Effective writers know how to tailor their text for a specific purpose and a specific audience. For example, writers can choose to make an emotional appeal using simple language so that any audience can understand the message. Part of becoming a strong writer is analyzing how well or how poorly another author crafts a message, which will help one make stronger choices when it is time to communicate with others in a professional setting.

For this task, you will choose a text that you will be able to analyze. Next, you will summarize the text and identify the text’s intended purpose and audience. Then, you will analyze the text’s context and the methods the author used to appeal to his or her audience. Last, you will evaluate, based on your analysis, the effectiveness of the text.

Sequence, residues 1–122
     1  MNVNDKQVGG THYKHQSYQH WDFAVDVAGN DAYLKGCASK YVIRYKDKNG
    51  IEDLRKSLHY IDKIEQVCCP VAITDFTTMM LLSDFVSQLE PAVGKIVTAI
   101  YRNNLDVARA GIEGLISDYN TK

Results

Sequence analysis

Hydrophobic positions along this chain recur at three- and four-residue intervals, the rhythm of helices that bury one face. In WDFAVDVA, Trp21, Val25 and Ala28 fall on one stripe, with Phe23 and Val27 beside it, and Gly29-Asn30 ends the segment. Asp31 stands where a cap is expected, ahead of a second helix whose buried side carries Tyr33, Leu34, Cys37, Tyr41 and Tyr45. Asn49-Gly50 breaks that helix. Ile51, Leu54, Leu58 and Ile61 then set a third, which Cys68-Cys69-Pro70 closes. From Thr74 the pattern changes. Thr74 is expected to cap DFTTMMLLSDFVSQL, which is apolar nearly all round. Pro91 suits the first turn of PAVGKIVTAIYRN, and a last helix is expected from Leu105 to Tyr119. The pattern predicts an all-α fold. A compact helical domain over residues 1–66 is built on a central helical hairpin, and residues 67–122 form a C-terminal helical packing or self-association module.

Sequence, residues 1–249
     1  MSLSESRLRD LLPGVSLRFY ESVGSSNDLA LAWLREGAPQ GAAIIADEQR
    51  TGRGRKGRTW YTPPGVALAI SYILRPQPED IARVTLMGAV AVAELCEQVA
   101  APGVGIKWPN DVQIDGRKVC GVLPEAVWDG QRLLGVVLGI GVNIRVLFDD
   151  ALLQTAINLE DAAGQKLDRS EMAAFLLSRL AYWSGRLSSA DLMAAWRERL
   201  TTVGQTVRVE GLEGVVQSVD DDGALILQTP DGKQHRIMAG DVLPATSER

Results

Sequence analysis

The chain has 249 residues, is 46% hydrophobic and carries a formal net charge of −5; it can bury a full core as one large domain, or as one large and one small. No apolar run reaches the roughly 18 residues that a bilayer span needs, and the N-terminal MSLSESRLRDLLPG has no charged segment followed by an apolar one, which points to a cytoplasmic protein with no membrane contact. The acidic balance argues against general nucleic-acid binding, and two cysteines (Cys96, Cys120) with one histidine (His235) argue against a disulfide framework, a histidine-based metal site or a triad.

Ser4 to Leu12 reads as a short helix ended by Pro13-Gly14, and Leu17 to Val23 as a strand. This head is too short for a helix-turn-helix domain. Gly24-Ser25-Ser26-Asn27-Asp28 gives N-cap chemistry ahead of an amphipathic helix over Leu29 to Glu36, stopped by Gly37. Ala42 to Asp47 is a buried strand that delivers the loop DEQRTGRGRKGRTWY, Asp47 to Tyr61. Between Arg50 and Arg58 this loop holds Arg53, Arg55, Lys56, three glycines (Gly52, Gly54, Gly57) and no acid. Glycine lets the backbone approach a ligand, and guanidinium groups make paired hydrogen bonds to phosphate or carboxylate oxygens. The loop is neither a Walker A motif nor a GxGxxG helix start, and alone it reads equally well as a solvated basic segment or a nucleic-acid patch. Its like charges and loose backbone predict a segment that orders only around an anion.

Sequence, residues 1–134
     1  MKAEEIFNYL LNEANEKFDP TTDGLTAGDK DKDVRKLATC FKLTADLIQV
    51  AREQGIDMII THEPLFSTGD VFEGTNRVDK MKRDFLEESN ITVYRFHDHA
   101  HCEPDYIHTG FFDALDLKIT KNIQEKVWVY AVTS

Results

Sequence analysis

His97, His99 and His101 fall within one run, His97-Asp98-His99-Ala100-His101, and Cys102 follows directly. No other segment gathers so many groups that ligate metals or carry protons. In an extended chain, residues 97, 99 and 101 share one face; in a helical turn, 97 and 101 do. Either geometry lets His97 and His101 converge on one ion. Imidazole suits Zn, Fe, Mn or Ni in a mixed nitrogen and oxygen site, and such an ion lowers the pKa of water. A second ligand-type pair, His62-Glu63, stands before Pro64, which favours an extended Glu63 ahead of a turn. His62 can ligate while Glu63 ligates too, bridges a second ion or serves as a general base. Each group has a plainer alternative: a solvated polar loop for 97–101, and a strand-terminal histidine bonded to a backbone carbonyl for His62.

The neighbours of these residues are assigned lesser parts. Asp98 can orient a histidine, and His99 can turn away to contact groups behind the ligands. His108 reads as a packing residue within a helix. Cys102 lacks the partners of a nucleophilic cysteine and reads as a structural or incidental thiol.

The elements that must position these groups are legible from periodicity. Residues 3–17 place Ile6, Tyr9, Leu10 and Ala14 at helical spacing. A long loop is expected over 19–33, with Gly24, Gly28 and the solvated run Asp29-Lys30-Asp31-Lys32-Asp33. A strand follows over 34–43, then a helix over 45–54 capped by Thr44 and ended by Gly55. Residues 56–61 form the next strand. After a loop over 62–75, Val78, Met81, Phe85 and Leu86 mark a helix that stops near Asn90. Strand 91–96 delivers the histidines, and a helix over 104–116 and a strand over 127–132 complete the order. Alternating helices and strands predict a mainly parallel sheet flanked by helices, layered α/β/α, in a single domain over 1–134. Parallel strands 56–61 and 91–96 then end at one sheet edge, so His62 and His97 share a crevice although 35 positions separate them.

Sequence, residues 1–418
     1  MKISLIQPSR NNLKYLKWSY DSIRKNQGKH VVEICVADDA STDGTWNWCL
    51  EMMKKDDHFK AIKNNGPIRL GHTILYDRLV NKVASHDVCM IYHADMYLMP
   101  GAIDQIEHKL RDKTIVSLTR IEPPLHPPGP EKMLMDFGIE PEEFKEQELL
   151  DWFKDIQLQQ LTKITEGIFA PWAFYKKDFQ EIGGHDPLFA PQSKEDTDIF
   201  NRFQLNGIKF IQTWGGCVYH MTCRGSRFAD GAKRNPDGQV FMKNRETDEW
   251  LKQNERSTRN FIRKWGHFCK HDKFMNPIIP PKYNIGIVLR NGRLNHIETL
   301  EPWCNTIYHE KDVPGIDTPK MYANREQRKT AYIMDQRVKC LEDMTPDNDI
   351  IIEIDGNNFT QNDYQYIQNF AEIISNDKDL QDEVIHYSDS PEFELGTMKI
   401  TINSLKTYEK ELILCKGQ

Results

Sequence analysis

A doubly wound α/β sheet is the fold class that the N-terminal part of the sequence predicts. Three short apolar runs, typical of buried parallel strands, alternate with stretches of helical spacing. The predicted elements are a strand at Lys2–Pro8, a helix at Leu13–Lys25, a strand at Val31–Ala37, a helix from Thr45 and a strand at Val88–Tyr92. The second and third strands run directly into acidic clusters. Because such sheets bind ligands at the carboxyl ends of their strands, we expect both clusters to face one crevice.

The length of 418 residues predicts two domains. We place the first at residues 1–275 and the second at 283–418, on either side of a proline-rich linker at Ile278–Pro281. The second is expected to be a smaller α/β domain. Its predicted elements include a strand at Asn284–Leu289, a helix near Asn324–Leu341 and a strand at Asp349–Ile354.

A.  Compose a rhetorical analysis (suggested length 2–3 pages) by doing the following:

1.  Choose and submit a piece or passage of persuasive writing that is authored by a different writer (e.g., a speech, a letter to the editor, or an essay) between 200-2,000 words in length.

2.  Analyze your chosen text by doing the following:

a.  Summarize the text.

b.  Discuss the author’s purpose for the text.

c.  Explain the context of the text.

c.  Describe the audience of the text.

e.  Explain the appeal(s) (i.e., logos, ethos, pathos) that are found within the text. For each type of appeal used in the text, include at least one example.

f.  Evaluate the text’s overall rhetorical effectiveness at achieving the author’s purpose based on the text’s context, audience, and use of appeals.

B.  Acknowledge sources, using in-text citations and references, for content that is quoted, paraphrased, or summarized.

C.  Demonstrate professional communication in the content and presentation of your submission.